Investors Bidding High for Internet Auction Stocks
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In the volatile world of Internet stocks, one of the fastest-rising sectors of late are the auction sites. Investors, excited by the prospect of future earnings, have prompted an incredible run-up of the leading contenders since the fall.
Many analysts have positive outlooks for the stocks, particularly eBay since it collects fees from people who sell goods on its service.
eBay has traded from 25-1/4 to more than 311 over the past year. The company's stock has taken off dramatically since mid-November when it crossed the 100 mark. Onsale has been through a rougher ride, ranging from 10-5/8 to 108 over the past year. It's currently trading at just under 70, having been helped by a recent announcement that will provide auction content to Yahoo!
However, Keith Benjamin, technology analyst at BancBoston Robertson Stephens, isn't too positive about Onsale over the long term, saying "even turkeys can't fly for long."
Analysts attribute much of the rise to Onsale's announcement with Yahoo!, saying investors tend to reward similar stocks.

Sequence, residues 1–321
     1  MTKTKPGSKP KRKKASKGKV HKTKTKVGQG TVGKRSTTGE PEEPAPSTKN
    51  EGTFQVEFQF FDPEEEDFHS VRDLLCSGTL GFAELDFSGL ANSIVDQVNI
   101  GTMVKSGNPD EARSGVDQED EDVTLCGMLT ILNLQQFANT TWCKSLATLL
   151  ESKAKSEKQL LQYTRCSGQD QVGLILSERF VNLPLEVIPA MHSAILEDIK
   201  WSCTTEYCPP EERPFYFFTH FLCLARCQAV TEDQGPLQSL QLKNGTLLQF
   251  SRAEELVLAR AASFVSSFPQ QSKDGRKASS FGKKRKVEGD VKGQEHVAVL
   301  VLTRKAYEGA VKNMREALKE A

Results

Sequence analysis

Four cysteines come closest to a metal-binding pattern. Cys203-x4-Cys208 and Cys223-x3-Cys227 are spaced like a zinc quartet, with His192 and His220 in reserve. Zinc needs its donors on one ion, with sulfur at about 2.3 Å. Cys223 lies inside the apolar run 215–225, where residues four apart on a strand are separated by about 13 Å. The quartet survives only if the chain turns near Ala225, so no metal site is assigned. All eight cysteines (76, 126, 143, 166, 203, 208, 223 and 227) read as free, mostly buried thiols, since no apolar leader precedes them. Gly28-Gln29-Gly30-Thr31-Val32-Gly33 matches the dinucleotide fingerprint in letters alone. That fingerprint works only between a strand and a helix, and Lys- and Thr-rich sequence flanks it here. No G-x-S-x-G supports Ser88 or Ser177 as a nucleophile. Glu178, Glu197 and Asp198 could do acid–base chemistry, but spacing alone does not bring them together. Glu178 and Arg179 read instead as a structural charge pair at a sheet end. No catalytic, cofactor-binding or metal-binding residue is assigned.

Despite the wild valuations of Internet auction plays, analysts are positive on the sector as a whole. However, eBay tends to overshadow its competitors.
Benjamin is particularly bullish on eBay, saying it stands to become a franchise player. That is one of the reasons he is maintaining his "buy" rating on the stock.
Another reason Benjamin holds high hopes for eBay is the strength of its brand. That's particularly important in the Internet sector, since many companies are forced to spend huge sums of money on marketing to build brand recognition.
Benjamin said eBay spends $12.31 to acquire a customer and Onsale $33.23. In comparison, online book giant Amazon.com, spends $43.34 to acquire new customers, CDNow, $173.77; Preview Travel, $241.80 and E*Trade a whopping $403.04.
As of November, the latest period for which figures were available, eBay had 1.3 million users compared to 800,000 for Onsale. No figures were available for Ubid. While those numbers are significant, they pale in comparison to Yahoo!'s 25 million users, Lycos' 15.9 million, Excite's 13 million users and even the 5.6 million users of Preview Travel.
However, Benjamin believes there are plenty of new customers waiting to come online. He projects that the number of Web users will climb from about 65 million currently to 109 million by the end of 1999 and 158 million by the end of 2001.